September 12, 2016

If you would like to reply, submit items for inclusion, or not receive this weekly e-mail please send a notice to:

Upcoming Events

Marijuana Legalization and Federalism

Join us for the annual CWRU Constitution Day program for a discussion with a CWRU student panel featuring speakers Jonathan H. Adler, J.D., Johan Verheij Memorial Professor, Case Western Reserve University School of Law and Brannon P. Denning, J.D., Associate Dean and Professor, Cumberland School of Law, Samford University, Monday September 19, 2016, 4:00-5:30 p.m., Moot Courtroom CWRU School of Law, 11075 East Blvd., Cleveland, OH 44106-1769. This program is sponsored by the Office of the President, Office of Government and Community Relations, Department of Political Science, Center for Policy Studies, and the School of Law. A reception will follow at the law school.

The possession and use of marijuana have been illegal at the federal level since the Marijuana Tax Act of 1937. Many states initially followed suit with similar legislation. But over the past twenty years there has been an increasing number of challenges to marijuana prohibition.

Since 1996, when California legalized medical use of marijuana through Proposition 215, 23 other states have done the same despite federal law. Four of those states have legalized its recreational use as well. Opinion polls suggest a growing majority of Americans support legalizing marijuana for both medical and recreational use.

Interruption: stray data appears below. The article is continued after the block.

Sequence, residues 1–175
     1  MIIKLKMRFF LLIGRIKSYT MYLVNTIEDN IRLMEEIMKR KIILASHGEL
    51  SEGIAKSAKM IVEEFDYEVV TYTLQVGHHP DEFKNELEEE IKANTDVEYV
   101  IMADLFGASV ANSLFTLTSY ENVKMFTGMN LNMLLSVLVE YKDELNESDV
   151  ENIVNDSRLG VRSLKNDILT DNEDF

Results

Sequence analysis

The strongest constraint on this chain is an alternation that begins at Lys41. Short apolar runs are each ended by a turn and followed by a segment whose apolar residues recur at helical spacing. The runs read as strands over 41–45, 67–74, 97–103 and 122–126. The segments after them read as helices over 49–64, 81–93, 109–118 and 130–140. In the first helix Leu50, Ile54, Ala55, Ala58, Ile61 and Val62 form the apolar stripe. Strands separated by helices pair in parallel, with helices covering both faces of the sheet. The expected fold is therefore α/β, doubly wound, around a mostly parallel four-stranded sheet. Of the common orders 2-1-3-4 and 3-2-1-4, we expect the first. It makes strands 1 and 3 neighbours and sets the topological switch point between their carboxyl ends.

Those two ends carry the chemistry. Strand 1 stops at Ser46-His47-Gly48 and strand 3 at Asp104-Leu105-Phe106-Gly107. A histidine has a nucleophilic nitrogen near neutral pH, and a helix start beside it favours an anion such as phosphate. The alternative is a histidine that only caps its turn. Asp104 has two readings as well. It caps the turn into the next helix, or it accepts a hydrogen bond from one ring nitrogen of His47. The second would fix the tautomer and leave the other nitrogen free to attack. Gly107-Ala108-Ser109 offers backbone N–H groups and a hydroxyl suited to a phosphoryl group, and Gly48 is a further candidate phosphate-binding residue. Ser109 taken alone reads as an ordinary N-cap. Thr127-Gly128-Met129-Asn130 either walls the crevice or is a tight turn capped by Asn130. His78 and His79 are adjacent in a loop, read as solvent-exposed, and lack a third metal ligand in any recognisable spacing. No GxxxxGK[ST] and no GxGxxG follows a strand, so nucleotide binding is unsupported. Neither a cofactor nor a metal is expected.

The Constitution Day Committee welcomes Brannon Denning and Jonathan Adler to discuss significant questions regarding marijuana legalization and pertinent federalism issues. In discussing the current controversy over marijuana legalization, the forum will address a long-standing debate in American history: states’ vs. federal powers.

How Congress Spends Your Money: An Inside View of the Congressional Budget

A discussion with Colleen Gaydos, Professional Staff Member, U.S. Senate Appropriations Committee, Subcommittee on Defense, Friday, September 23, 2016, 4:30 - 6:00 p.m., Room 309 Clark Hall, 11130 Bellflower Road, Cleveland, OH 44106. Sponsored by the CWRU Department of Political Science.

While political parties slam each other, budget decisions get delayed in "shutdown"battles and various audiences jeer, Congress still manages to alocate trillions of dollars (with the president's approval) each year. Colleen Gaydos is the staff person within the Defense Appropriations subcommittee in the Senate who works on "Other Procurement" for the Navy; Research, Development, Test and Evaluation for the Army; the Defense Health Program; the Office of the Inspector General; and Chemical Demilitarization. Her portfolio alone tells us about what has to be decided. So how does that work? She shares her view of how decisions are made amid the conflict.

September 2016